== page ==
So why try to conform to a homeschooling method that isn’t exactly right for you?
Though there exist many teaching models and educational philosophies that families follow, that doesn’t mean each one must always be followed to a “T”. Homeschooling comes with boat loads of flexibility — and that includes permission for families to completely stick to a particular method, or not.
For instance, following a classical approach is wonderful if it matches your way of thinking and the ways that your children enjoy learning. But, let’s face it — what if YOU love the ideas but THEY hate reading?
Or, how about deciding to adopt a virtual approach only to discover that your child really can’t sit that long at the computer? That can be tough.
Or, what if you are enamoured by a method that involves volumes and volumes of journaling and copywork but your child struggles with writing? Tougher still.
It’s OK to adapt a particular approach to your own situation. Every homeschooling method comes with built-in flexibility. Though it may be difficult to spot when just starting out, over time, you’ll come to recognize areas where changing things up a bit seem natural and easy.
Some homeschooling methods, for example, recommend specific products to teach subjects. But choosing another product that works better for a child doesn’t mean the benefits of schooling that way are completely lost.
Other methods, for instance, suggest schedules and activities to do each day. Rest assured that not doing them all won’t spoil the overall effect of adhering to that philosophy.
We sometimes hear homeschooling parents practically apologizing for not doing things exactly right; that is, according to the schedule or guidelines set by the curriculum manufacturer, author of a series, or popular conference speaker advocating a certain method. Sadly, sometimes parents can feel a sense of guilt or inadequacy about not doing things exactly right.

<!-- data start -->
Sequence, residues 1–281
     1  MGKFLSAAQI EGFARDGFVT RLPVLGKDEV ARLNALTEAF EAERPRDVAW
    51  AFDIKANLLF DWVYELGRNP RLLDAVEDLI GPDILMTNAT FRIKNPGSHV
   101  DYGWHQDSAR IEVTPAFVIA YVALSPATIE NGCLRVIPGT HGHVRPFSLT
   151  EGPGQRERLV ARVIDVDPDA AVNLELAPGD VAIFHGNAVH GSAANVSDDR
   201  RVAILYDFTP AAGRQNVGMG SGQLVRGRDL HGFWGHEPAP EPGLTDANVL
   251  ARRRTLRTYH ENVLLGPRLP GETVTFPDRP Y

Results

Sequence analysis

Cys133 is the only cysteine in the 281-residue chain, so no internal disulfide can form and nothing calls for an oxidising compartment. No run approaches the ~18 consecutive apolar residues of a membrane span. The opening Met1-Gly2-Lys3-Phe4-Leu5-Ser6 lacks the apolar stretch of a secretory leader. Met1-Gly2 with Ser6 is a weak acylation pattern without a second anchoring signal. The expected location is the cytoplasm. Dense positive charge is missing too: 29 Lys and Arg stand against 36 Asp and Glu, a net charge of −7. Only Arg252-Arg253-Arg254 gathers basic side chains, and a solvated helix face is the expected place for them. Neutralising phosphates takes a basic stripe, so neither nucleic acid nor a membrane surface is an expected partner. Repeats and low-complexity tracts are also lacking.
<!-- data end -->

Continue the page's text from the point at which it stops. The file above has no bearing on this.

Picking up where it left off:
The truth is that it’s alright to deviate if it means great learning, better learning, or just plain-old more enjoyment for the child or the entire family. In fact it’s more than alright — you owe it to your child.
Authors and developers, particularly if they’re homeschoolers themselves, would never advocate doing something if it didn’t seem right for a child. That’s why they typically use the word “suggested” when referring to a schedule or particular way of doing things. Suggested doesn’t mean mandatory.
Hybrid homeschooling applies when families follow a general path relatively closely, but deviate from time to time to better meet their individual needs. This is different from eclectic homeschooling where this kind of thing is planned and expected. Hybrids follow a path or a structure, but mold activities as needed along the way.
And it’s OK.
No apology needed.